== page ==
Practical Perspectives in the Treatment of Nausea and Vomiting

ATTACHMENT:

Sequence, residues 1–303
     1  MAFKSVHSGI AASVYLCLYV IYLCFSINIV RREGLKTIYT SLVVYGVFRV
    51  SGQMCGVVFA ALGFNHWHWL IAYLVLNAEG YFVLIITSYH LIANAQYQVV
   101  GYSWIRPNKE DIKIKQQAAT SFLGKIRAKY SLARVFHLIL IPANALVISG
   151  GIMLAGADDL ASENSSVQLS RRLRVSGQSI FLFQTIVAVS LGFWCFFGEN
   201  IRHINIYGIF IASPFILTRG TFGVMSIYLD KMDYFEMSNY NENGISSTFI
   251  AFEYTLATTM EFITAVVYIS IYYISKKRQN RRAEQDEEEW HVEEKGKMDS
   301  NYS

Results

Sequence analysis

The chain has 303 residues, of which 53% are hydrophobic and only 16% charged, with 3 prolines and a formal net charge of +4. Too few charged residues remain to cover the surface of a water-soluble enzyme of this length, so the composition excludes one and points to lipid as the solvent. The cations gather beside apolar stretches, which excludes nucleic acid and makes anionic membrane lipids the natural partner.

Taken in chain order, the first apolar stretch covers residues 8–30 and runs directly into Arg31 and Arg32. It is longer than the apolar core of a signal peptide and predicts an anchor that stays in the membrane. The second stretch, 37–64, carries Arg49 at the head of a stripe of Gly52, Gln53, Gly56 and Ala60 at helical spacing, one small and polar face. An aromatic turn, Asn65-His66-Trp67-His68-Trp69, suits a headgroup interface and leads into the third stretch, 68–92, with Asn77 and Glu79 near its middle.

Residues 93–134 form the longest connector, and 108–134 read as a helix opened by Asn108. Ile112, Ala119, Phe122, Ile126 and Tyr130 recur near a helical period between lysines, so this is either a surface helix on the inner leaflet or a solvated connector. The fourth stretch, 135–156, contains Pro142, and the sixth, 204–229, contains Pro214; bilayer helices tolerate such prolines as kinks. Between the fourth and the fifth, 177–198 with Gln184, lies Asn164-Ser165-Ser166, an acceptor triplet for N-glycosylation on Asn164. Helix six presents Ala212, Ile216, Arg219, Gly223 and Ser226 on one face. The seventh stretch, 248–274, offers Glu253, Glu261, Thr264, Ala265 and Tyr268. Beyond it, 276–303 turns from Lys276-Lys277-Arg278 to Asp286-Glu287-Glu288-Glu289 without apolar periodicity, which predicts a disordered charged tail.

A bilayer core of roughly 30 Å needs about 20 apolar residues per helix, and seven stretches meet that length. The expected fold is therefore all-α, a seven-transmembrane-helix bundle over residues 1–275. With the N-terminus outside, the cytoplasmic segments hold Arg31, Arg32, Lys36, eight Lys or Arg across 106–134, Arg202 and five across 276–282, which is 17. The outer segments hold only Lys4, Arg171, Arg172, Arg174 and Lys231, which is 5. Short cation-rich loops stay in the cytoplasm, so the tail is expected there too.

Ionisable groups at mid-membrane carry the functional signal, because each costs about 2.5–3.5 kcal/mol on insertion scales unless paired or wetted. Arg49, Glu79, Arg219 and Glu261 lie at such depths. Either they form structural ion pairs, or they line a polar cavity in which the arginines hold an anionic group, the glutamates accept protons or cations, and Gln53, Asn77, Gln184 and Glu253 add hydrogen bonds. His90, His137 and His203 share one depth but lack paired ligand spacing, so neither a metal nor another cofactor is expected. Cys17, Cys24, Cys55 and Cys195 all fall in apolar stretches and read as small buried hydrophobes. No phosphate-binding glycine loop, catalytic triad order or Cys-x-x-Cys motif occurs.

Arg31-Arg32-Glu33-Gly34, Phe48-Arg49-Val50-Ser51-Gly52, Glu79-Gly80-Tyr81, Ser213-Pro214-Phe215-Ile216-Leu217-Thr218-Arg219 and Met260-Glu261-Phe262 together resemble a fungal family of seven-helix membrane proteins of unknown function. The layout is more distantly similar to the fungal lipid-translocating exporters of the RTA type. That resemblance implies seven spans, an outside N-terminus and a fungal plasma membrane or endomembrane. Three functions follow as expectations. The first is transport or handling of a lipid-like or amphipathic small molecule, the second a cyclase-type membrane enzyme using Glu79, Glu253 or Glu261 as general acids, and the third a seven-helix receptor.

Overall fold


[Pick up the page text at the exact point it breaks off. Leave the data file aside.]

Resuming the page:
Nausea and vomiting result from complex interactions between afferent and efferent pathways of the gastrointestinal tract, central nervous system, and autonomic nervous system. Afferent pathways from the vagus nerve, vestibular system, and chemoreceptor trigger zone project to nucleus tractus solitarius, which in turn relays signals to the central pattern generator to initiate multiple downstream pathways resulting in symptoms of nausea and vomiting. There is increasing evidence that the central pathway of chronic nausea is different from that of acute nausea and vomiting—and closely resembles that of neuropathic pain. This improved understanding of chronic nausea has resulted in a paradigm shift with regard to management strategy. Although conventional therapies such as antiemetics and prokinetics are commonly used to manage acute nausea and vomiting, they are historically not as effective in treating chronic nausea. Recently, neuromodulator agents, such as tricyclic antidepressants, gabapentin, olanzapine, mirtazapine, and benzodiazepines, and cannabinoids have been shown to be efficacious in the treatment of nausea and vomiting, and may be useful in the treatment of chronic symptoms. There is a need to study these agents, especially in the management of chronic functional nausea. Improved understanding of the central and peripheral circuitry of nausea and vomiting symptoms will allow for enhanced utilization of the currently available medications, and the development of novel therapeutic options.
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